Interestingly, I can finally explain a completely unrelated phenomenon.
If an acquisition that requires a playbook that comprises activities you are interested in but not necessarily talented at, look to successful individuals having joined organizations into roles they have zero experience in.
Or better yet: look to 18 year old CEOs who manage to create huge companies despite having zero experience in their field.
This is made possible by the same energy that drives natural affinity.
It takes a certain kind of person to create Uber.
You can make the app, but you still need to have the natural affinity to hop into cabs and pitch drivers the potential of going completely independent and make more money with Uber.
That means that building Uber required a special kind of symbiosis between operational excellence and revenue generation.
The founders of that product exhibited natural affinities to those activities, which drove up their success/survival rate, whichever way you look at it.
Imagine the Uber founders didn’t have that growth orientation, and decided to sell off their asset.
If the acquirer didn’t have the gusto to hop into cabs and pitch drivers, the result would be the same failure.
If you have a strong ability to self-reflect, and can identify what your affinities really are — which you can do by simply reflecting on the things you like to do outside of work — then you’ll have a marked advantage as a microangel in your qualitative analysis.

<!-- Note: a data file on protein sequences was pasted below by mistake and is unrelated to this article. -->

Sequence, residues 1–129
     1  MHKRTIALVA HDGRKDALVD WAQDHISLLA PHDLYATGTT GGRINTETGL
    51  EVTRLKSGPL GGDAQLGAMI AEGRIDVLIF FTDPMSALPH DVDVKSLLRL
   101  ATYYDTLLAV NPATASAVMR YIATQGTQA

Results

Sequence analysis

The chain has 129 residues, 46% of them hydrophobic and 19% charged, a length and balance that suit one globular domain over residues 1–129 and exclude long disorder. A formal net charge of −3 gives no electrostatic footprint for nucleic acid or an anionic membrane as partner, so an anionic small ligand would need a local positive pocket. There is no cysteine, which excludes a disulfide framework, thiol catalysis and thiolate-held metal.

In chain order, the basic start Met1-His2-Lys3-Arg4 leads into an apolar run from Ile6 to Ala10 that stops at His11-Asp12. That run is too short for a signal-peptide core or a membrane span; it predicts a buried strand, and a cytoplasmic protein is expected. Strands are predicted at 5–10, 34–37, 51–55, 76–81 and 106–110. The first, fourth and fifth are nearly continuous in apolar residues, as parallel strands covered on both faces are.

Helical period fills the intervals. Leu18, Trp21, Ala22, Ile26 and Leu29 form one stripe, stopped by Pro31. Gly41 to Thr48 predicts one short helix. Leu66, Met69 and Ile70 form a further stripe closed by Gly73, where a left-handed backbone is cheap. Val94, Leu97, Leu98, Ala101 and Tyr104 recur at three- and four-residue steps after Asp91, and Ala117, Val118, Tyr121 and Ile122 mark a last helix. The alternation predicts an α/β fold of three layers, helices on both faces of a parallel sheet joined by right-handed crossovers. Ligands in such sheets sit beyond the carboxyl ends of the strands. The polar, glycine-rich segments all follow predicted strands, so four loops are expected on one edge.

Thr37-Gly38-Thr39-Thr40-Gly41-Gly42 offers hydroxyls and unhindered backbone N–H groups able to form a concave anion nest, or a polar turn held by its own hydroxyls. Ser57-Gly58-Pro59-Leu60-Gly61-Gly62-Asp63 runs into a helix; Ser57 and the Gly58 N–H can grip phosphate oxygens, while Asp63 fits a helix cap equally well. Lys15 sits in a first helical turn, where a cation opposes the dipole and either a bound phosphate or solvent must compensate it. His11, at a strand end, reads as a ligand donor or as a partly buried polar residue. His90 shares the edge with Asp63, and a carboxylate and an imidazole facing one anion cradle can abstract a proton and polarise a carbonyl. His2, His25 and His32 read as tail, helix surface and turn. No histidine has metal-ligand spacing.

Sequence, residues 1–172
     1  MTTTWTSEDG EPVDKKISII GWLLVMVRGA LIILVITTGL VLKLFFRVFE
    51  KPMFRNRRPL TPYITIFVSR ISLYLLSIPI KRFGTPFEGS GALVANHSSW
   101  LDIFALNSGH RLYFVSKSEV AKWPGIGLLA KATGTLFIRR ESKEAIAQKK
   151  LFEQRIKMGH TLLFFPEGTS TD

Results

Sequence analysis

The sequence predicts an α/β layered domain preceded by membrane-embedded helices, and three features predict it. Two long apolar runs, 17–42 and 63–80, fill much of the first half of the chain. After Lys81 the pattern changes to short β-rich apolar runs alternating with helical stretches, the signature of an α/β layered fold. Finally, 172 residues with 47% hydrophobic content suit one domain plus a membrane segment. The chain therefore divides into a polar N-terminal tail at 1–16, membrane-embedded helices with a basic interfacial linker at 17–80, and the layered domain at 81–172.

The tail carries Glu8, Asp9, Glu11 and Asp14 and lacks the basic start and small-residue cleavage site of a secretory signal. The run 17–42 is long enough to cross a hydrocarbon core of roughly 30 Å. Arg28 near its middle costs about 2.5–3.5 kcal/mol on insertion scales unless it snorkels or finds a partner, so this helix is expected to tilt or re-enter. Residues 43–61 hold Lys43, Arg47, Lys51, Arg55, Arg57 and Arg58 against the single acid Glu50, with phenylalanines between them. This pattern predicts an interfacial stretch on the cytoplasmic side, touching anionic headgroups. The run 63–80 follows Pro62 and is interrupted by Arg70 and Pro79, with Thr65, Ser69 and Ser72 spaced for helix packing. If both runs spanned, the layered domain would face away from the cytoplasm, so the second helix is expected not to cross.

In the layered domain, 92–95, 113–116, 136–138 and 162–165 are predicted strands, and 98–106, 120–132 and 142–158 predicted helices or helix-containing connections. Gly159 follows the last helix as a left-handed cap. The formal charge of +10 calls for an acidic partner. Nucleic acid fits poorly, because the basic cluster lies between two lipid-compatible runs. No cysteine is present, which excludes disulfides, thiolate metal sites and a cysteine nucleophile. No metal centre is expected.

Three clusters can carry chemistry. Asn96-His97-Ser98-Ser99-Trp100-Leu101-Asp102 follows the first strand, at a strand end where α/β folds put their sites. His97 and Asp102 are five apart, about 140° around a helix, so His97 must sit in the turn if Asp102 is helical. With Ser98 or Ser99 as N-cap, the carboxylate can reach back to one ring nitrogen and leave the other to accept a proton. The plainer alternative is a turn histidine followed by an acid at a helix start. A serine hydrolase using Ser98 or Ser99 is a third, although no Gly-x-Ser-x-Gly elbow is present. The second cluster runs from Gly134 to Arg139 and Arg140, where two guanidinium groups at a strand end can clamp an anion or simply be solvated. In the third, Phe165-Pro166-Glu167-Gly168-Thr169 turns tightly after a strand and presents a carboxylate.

It will make the non-tangible tangible by taking stock of what the project really needs to become a self-sustaining and growing business, and matching that against your talents and natural affinities.
There is an ultimate equilibrium between what the project needs and what you are good at, and this is it.
Something in me hopes there is a just middle in between revenue generation and operational excellence, in that being in the middle might be equivalent to being good at neither.
It’s another version of lack of focus, though my expectation is that provided you can do both well, and you only do one at a time, you should be able to zoom in/out of those functions as the need arises.
For me, Reconcilely is very much a hybrid of revenue generation and profit maximization.
There’s much more to do on the profit maximization side that excites me before I can become truly excited to drive customer acquisition.
This is a natural thing to feel, but it gave me clarity with respect to:
(a) why I purchased Reconcile.ly;
(b) what kind of activities I’d eventually execute; and
(c) the sequence of that execution bearing in mind what the product needs and what really interests me.
Things that interest you can be produced with a high degree of speed and quality with nearly no spend in energy.
Just remember the last time you did an all-nighter on something you were truly passionate about and the process that held your attention for so long.
That’s the stuff you are attuned to.
You ought to buy something that needs that very energy. Then, growth will feel completely natural as an extension of what you do.
That kind of stuff is really powerful because you can accomplish more without having to pull on a limited supply of motivation and discipline.
Next time you’re looking at an acquisition opportunity, spare a few moments to reflect on the backlog of things that the product needs, and whether you’re the kind of person who does those things for fun.
Good luck out there!1 🤘